The Constitution guarantees every criminal defendant the right to an attorney, so it is very important that you have competent legal representation.  A criminal attorney is your best asset after being charged with a crime.  A criminal attorney knows the applicable laws, can review your situation and provide you with the options available to you. A criminal attorney will work to protect you and to achieve the best possible resolution to your case.

What is the difference between a misdemeanor and a felony?

Generally speaking, a misdemeanor is a less serious offense where the maximum penalty is one year or less in state prison and a felony is a more serious crime that can result in jail time for more than one year.

What types of punishments do I face if convicted of a crime?

Sentencing can vary depending on many factors, including location of the case, the crime, the judge and other specifics. In some cases a punishment for a particular crime is governed by the federal sentencing guidelines and a judge does not have a lot of discretion in determining the punishment. In other cases, the judge determines the punishment.

The most common punishments are: incarceration, fines, restitution, probation and community service. If convicted of DUI or DWI, you may be required to attend a DUI/DWI school or a drug/alcohol treatment program, have a Breathalyzer installed in your car or face driving sanctions.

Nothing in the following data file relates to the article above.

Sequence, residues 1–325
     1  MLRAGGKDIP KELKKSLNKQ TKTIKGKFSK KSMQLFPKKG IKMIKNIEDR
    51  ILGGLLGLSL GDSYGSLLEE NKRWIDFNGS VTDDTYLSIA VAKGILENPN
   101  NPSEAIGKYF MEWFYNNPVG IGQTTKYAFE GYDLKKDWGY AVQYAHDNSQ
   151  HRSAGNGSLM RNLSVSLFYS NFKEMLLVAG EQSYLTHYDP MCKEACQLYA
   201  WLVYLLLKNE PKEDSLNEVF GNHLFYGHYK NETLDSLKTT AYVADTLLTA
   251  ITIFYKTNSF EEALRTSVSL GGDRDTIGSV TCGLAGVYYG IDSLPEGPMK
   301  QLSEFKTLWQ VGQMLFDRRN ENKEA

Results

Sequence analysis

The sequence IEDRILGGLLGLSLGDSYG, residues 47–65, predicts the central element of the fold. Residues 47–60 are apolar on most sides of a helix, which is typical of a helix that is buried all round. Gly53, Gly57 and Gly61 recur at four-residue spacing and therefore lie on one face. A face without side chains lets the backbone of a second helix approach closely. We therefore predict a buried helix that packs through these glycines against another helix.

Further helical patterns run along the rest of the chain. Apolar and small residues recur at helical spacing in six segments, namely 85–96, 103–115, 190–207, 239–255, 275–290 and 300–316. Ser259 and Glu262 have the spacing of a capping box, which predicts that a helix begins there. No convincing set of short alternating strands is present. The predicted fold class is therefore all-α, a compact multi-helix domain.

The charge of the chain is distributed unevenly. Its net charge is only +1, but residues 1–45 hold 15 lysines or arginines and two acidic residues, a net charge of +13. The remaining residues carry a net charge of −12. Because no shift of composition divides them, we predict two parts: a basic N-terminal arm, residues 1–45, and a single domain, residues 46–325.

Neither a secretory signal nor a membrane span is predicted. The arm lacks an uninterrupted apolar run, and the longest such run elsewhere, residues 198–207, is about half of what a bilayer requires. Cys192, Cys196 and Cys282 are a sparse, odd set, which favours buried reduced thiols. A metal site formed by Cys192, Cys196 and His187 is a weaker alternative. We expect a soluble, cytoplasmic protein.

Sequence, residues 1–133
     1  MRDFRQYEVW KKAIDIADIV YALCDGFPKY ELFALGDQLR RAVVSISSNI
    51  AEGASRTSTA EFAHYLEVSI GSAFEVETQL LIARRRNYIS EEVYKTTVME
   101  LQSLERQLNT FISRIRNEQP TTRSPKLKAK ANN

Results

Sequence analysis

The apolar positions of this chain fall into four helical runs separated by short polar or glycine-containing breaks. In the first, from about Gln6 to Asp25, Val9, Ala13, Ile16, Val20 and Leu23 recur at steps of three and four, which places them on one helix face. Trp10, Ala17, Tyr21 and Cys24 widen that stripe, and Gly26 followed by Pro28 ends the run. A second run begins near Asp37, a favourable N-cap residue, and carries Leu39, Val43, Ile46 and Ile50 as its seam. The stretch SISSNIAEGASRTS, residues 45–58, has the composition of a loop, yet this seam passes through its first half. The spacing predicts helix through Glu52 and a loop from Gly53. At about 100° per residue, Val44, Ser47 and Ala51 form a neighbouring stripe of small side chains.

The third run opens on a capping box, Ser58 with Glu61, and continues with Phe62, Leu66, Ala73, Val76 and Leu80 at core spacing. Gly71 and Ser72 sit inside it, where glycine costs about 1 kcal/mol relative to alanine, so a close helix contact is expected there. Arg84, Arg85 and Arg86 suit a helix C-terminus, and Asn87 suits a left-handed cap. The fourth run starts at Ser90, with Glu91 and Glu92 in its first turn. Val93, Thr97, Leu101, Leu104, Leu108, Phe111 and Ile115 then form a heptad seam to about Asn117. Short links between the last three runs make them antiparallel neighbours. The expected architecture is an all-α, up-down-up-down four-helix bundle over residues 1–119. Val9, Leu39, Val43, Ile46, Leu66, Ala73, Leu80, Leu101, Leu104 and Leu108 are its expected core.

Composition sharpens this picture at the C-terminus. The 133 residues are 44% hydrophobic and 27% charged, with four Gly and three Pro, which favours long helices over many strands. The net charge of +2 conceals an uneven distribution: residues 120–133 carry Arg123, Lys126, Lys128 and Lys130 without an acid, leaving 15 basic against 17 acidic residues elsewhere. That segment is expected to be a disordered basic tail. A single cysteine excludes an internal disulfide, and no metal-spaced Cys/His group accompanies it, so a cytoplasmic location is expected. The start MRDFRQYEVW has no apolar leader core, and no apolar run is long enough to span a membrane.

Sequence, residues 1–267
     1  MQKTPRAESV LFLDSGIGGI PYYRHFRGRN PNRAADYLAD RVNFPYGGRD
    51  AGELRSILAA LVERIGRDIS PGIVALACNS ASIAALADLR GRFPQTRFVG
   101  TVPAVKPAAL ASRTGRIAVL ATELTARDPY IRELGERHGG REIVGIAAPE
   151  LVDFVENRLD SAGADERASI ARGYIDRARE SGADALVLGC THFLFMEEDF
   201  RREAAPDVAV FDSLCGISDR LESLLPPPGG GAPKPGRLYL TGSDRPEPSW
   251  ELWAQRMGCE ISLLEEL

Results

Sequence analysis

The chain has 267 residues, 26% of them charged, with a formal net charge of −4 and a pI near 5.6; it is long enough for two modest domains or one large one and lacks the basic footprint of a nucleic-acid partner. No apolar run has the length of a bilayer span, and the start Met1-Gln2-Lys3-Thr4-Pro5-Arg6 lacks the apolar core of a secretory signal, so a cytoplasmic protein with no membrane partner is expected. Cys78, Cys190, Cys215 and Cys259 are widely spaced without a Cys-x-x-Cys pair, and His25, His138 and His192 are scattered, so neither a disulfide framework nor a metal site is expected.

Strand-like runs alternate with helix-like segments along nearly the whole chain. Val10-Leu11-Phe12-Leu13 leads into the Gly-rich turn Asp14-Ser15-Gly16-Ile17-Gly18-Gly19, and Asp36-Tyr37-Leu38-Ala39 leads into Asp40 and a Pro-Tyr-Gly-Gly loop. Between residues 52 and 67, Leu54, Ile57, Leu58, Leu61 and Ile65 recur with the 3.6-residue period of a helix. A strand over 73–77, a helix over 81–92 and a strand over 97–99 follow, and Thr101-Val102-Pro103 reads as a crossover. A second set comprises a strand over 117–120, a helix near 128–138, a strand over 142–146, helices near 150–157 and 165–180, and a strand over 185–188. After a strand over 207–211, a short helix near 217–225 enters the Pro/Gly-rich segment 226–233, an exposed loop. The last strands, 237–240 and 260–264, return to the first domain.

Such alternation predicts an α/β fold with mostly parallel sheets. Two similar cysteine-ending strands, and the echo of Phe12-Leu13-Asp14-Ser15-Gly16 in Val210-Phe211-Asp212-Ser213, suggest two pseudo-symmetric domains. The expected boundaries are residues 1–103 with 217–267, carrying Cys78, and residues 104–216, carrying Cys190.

BANKRUPTCY

Will my creditors stop harassing me?

Yes they will! By law, all actions against a debtor must cease once documents are filed. Creditors cannot initiate or continue any lawsuits, wage garnishments or even telephone calls demanding payments.

Who will know?

Bankruptcy filings are public records. However, under normal circumstances, no one will know you went bankrupt. The credit bureaus will record your bankruptcy and it will remain on your credit record for up to 10 years.

I was bankrupt before. When can I file again?

A person can file Chapter 7 again if it has been more than 8 years since the previous filing.

Can I keep any credit cards?

Whether a debtor keeps credit cards after filing bankruptcy is up to the credit card company.

When will I be discharged from bankruptcy?

The debtor is discharged 3-5 months after the bankruptcy is filed. At that time all debts (with some exceptions) are written off.

Can my boss fire me for filing bankruptcy?

No. Federal Law prohibits any employer from discriminating against you because you filed bankruptcy.

How much am I allowed to keep?

You are allowed to keep certain assets, depending on state law.

What debts are erased by a bankruptcy?

Most unsecured debt is erased in a bankruptcy except for:

  • Child support and alimony
  • Debts for personal injury or death caused by your drunk driving
  • Student Loans
  • Income Tax Debt